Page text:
“Based on our previous results, the EB effect could occur in proton-intercalated Fe3GeTe2, while in Fe5GeTe2 (F5GT) of various thicknesses, the proton intercalation cannot result in any EB effects. Hence, we choose F5GT as the FM layer,” says Cheng.

Thus the resulting heterostructure comprised:

  • Antiferromagnetic (AFM) layer FePS3 (FPS)
  • Ferromagnetic (FM) layer Fe5GeTe2 (F5GT)

Generally, the EB effect is regarded as an interface effect and would be expected to diminish if the thickness of the FM layer is increased. While the thinner F5GT nano-flakes (<10 nm) can generate extremely large coercivity (Hc~2 T) due to the intralayer defect pinning, this make it more difficult to generate EB effect in a FM/AFM bilayer because the energy barrier induced by defect pinning is potentially larger than that from unidirectional anisotropy.

“Our experimental observations are consistent with this,” explains co-author Dr Guolin Zheng (RMIT). “There is no occurrence of EB effects when the thickness of F5GT is less than 10 nm. Luckily, after many tests, we find that the EB effect can survive in FPS-F5GT heterointerfaces when the thickness of F5GT layer is within the range of 12 nm to 20 nm.”

“Then we could further explore the effects of proton intercalations in FPS-F5GT.” says Guolin.


The team then successfully performed the proton intercalation in FPS-F5GT and observed the shift of EB fields under different gate voltages.

“The blocking temperature of the EB effect can be effectively tuned via electric gate. And more interestingly, the EB field can be switched ‘ON’ and ‘OFF’ repeatably under various gate voltages,” says Guolin.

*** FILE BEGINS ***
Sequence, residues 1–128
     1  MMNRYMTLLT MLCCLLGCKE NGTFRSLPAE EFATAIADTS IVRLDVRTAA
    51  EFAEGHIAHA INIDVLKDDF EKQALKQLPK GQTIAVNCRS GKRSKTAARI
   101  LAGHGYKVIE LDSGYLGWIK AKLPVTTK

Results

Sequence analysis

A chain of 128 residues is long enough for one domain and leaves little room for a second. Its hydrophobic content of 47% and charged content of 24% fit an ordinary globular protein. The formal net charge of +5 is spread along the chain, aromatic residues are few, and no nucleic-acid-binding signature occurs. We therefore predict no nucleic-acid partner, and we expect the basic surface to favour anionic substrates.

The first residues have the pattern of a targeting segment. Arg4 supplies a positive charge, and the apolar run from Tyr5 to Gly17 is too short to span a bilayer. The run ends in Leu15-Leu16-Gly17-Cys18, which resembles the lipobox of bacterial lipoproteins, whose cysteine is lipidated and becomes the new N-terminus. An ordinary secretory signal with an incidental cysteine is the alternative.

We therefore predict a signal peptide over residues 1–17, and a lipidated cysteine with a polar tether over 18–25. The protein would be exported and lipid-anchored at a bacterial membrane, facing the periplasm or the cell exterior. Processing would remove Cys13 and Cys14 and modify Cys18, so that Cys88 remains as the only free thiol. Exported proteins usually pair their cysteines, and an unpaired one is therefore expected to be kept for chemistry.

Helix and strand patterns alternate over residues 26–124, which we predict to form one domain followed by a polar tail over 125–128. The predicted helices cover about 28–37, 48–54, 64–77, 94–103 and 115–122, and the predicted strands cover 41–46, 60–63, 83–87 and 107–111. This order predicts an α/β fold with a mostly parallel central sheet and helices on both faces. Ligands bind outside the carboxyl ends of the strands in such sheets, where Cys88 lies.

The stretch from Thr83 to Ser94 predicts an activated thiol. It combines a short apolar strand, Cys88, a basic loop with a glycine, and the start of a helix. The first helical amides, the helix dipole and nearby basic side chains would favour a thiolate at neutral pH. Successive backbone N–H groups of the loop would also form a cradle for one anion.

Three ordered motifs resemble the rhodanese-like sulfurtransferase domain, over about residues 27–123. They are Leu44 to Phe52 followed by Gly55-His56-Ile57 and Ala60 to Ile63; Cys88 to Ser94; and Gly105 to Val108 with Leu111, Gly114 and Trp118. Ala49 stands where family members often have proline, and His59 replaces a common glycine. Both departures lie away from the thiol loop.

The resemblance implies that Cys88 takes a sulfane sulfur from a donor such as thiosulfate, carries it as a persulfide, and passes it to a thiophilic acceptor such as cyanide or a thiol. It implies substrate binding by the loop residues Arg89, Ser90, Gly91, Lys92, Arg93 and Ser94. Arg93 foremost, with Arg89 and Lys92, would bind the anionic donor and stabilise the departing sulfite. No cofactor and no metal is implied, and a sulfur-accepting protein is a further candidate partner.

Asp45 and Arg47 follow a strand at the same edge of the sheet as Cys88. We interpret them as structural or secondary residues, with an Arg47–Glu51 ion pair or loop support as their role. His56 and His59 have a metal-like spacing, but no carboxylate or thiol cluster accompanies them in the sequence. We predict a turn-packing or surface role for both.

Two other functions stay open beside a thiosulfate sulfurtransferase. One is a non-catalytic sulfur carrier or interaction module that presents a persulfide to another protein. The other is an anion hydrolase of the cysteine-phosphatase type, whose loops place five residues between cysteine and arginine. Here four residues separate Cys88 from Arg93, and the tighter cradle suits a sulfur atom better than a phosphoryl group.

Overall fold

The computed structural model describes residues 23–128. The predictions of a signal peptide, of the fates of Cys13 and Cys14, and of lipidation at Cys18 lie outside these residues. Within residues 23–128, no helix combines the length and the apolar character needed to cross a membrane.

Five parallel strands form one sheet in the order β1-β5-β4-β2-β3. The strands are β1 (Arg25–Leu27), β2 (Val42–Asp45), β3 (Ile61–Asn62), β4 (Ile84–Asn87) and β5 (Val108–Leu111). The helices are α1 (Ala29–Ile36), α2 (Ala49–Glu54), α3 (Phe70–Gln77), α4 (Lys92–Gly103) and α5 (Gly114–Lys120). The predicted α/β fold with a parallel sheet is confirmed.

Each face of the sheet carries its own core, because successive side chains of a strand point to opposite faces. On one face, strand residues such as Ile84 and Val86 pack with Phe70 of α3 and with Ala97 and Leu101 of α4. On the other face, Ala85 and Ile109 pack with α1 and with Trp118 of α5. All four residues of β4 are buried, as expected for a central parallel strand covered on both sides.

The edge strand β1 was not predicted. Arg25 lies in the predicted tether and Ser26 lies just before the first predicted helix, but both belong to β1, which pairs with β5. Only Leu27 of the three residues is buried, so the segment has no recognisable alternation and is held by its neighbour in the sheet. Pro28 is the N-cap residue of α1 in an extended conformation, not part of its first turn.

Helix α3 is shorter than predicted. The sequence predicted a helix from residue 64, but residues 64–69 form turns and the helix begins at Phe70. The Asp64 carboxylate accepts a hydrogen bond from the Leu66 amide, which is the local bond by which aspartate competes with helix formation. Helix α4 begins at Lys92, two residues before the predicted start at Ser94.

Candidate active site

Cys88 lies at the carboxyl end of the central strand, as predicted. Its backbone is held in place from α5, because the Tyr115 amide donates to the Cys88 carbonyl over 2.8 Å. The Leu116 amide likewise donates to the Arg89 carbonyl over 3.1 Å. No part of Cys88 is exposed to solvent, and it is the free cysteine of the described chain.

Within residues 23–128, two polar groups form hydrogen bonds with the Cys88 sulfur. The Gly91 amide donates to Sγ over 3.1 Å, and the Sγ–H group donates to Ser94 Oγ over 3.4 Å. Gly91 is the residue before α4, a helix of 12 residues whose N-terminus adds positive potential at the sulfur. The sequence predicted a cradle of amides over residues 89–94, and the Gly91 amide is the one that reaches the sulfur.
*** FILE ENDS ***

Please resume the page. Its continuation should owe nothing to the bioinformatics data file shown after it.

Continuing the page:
Further theoretical calculations carried out by collaborator from South China University of Technology further confirms that the proton intercalations not only tune the average magnetic exchange coupling but also change the antiferromagnetic configurations in the FePS3 layer.

“The gate-dependent EB effects can be well-explained based on our calculations,” says contributing-author A/Prof Lan Wang (also at RMIT). “Under different proton intercalations, the affected AFM-FM coupling-induced unidirectional anisotropy energy and the transformation of FPSbetween an uncompensated AFM and a compensated AFM lead to the various interesting phenomena.”

“Again, this study is a significant step towards vdW heterostructure-based magnetic logic for future low-energy electronics.”


Electric Control of Exchange Bias Effect in FePS3−Fe5GeTe2 van der Waals Heterostructures” was published in Nano Letters in August 2022. (DOI: 10.1021/acs.nanolett.2c01370)

As well as support from the Australian Research Council, support was also provided by Natural Science Foundation of China, the National Key Research and Development Program of China, the Fundamental Research Funds for the Central Universities, the Collaborative Innovation Program of Hefei Science Center and the High Magnetic Field Laboratory (China).

Experimental research was performed at the RMIT Micro Nano Research Facility (MNRF) in the Victorian Node of the Australian National Fabrication Facility (ANFF) and the RMIT Microscopy and Microanalysis Facility (RMMF).